Category Archives: Mary K.

A Game of Lies by Rebecca Cantrell (2011)

The third book in the Hannah Vogel series, A Game of Lies finds Hannah back in Berlin in response to her mentor and Peter Weil’s request that she smuggle a package out of Germany for him. Posing as a Swiss reporter and as the lover of S. S. Officer Lars Lang, Hannah meets Weil at the Olympic stadium where he dies in her arms.

Rebecca Cantrell drops the reader into the chilling atmosphere of 1930s Germany to offer a suspenseful, historical espionage novel that will appeal to Alan Furst fans.

What Alice Forgot by Liane Moriarty (2011)

When Alice Love falls off of an exercise bike at the gym, she winds up with a nasty concussion and a serious case of amnesia. Alice awakens in a hospital bed convinced she is 29 years old, pregnant with her first child, and madly in love with Nick, her husband. Alice soon discovers, however, that she is a 39-year-old mother of three in the throes of a nasty divorce. Her amnesia gives Alice a chance to reconstruct her life and reconnect with those she loves.

Read What Alice Forgot by Liane Moriarty today.

Bring Up the Bodies by Hilary Mantel (2012)

In the sequel to Wolf Hall, Thomas Cromwell continues his narration of Henry VIII’s turbulent reign. Katherine dies, Anne Boleyn and her alleged lovers are beheaded, and Henry’s attraction to Jane Seymour grows. Cromwell’s finds himself caught in his own political machinations, and realizes how tenuous his relationship with Henry has become. Hilary Mantel is currently writing The Mirror and the Light, the much anticipated final title in her trilogy of Thomas Cromwell’s role in the Tudor court.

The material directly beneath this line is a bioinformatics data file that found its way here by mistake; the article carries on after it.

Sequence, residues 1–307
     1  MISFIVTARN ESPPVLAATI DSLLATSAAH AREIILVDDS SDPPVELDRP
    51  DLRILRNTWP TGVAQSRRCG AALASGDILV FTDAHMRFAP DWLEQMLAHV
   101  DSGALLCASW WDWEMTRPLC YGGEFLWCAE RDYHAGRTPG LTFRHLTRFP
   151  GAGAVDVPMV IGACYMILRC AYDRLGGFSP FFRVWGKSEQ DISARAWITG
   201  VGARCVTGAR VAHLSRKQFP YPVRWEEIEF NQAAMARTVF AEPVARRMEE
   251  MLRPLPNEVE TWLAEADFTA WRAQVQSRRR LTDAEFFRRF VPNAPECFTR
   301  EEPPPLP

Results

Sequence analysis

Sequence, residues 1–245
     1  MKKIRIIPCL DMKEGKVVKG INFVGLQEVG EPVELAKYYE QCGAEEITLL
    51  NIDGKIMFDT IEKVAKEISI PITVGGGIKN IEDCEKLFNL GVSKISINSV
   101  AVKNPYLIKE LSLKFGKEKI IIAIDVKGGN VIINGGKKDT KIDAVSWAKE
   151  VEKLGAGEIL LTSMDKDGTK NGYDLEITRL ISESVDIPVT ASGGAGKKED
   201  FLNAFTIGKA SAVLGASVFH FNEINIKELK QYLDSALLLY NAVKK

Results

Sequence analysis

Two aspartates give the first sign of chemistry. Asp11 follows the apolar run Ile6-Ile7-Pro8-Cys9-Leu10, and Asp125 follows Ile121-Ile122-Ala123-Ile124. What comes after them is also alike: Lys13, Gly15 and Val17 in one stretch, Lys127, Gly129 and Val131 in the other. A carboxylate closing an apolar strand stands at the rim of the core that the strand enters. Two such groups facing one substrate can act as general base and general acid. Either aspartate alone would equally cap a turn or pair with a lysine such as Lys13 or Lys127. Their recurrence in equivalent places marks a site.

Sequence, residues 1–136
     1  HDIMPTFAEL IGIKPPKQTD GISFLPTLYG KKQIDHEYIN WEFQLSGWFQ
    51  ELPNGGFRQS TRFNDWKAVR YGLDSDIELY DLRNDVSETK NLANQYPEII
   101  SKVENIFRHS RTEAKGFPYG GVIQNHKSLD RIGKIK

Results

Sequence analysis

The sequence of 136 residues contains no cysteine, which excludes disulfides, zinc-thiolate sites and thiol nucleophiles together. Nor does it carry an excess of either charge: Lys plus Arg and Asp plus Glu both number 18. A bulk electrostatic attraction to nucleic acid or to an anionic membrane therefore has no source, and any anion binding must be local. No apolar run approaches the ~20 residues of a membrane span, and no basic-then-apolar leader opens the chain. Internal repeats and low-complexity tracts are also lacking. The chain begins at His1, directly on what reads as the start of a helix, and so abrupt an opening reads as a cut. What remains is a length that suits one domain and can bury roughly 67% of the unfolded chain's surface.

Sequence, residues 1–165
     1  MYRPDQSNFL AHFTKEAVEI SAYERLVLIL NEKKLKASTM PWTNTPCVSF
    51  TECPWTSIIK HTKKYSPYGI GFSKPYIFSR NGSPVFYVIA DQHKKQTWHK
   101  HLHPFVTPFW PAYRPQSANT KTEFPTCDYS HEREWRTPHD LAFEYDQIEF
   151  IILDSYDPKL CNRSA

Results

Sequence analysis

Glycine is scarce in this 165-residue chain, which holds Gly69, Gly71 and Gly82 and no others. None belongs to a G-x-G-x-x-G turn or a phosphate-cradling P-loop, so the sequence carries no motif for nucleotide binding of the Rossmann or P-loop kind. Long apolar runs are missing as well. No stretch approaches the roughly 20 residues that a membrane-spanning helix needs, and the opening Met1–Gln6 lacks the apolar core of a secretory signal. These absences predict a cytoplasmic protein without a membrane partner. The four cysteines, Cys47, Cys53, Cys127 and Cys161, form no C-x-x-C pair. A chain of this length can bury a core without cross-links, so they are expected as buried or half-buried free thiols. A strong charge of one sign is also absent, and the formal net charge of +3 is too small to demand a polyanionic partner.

Did you know? Both Wolf Hall and Bring Up the Bodies won Britain’s top literary award: the Man Booker Prize.

B.Y.O.B. May 30, 2013 Book Party Recommendations

Here are the books that people shared at our May 30, 2013 book party:

Angry Housewives Eating Bon Bons by Lorna Landvik
The Aviator’s Wife by Melanie Benjamin
The Cold Dish by Craig Johnson
Cutting for Stone by Abraham Verghese
Defending Jacob by William Landay
Fault in Our Stars by John Green
Finding Casey by Jo-Ann Mapson
Gift from the Sea by Anne Morrow Lindbergh
Haunted Ground by Erin Hart
In the Woods by Tana French
Lucia, Lucia by Adriana Trigiani
The Whitechapel Conspiracy by Anne Perry
The White Tiger by Aravind Adiga

Imagination Illustrated the Jim Henson Journal by Karen Falk
Quiet: The Power of Introverts in a World that Can’t Stop Talking by Susan Cain







The Bubble Gum Thief by Jeff Miller (2012)

In the first title of a new mystery series, Jeff Miller introduces readers to Special Agent Dagny Gray. Dagny uses her intelligence and tenacity to track down the “bubble gum thief” – a serial killer who leaves a note affixed with a stick of gum at each crime scene.

The intriguing plot and well-crafted characters turn this 428 page mystery into a quick and satisfying read. Dagny’s struggle with anorexia adds an interesting twist to the story. Check out The Bubble Gum Thief today.

The Body in the Belfry by Katherine Hall Page (1990)

There’s nothing like finding a dead body to cure a case of ennui. Faith Fairchild, a transplanted successful Manhattan caterer, was ruing her dull but comfortable life as a mother to baby Benjamin, and wife to Aleford, Massachusetts’ minister Tom Fairchild when she discovered the dead body of Cindy Moore, in the church’s belfry. When Cindy’s fiancé, a well-liked young parishioner becomes a key suspect, Faith takes it upon herself to “help” clear his name. Readers who enjoy well-written “cozy” mysteries, will enjoy the Faith Fairchild series.